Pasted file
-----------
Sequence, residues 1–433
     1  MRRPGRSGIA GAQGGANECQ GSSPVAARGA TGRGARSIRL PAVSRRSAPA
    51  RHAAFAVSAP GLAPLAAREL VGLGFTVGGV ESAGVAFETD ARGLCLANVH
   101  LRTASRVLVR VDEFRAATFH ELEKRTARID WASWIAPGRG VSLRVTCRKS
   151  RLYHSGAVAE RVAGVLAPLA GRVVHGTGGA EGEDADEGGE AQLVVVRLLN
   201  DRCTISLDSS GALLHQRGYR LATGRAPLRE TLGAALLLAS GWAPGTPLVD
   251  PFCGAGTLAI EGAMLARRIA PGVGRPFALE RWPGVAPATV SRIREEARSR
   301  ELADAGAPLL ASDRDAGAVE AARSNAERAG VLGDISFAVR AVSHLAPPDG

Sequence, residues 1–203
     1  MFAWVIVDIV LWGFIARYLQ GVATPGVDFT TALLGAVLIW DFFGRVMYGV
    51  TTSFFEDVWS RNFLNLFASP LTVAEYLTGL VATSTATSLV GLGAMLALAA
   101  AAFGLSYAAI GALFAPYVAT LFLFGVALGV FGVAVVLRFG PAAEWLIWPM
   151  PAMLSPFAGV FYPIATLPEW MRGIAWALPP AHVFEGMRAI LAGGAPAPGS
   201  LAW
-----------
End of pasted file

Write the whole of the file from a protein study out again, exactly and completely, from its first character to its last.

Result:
Sequence, residues 1–433
     1  MRRPGRSGIA GAQGGANECQ GSSPVAARGA TGRGARSIRL PAVSRRSAPA
    51  RHAAFAVSAP GLAPLAAREL VGLGFTVGGV ESAGVAFETD ARGLCLANVH
   101  LRTASRVLVR VDEFRAATFH ELEKRTARID WASWIAPGRG VSLRVTCRKS
   151  RLYHSGAVAE RVAGVLAPLA GRVVHGTGGA EGEDADEGGE AQLVVVRLLN
   201  DRCTISLDSS GALLHQRGYR LATGRAPLRE TLGAALLLAS GWAPGTPLVD
   251  PFCGAGTLAI EGAMLARRIA PGVGRPFALE RWPGVAPATV SRIREEARSR
   301  ELADAGAPLL ASDRDAGAVE AARSNAERAG VLGDISFAVR AVSHLAPPDG

Sequence, residues 1–203
     1  MFAWVIVDIV LWGFIARYLQ GVATPGVDFT TALLGAVLIW DFFGRVMYGV
    51  TTSFFEDVWS RNFLNLFASP LTVAEYLTGL VATSTATSLV GLGAMLALAA
   101  AAFGLSYAAI GALFAPYVAT LFLFGVALGV FGVAVVLRFG PAAEWLIWPM
   151  PAMLSPFAGV FYPIATLPEW MRGIAWALPP AHVFEGMRAI LAGGAPAPGS
   201  LAW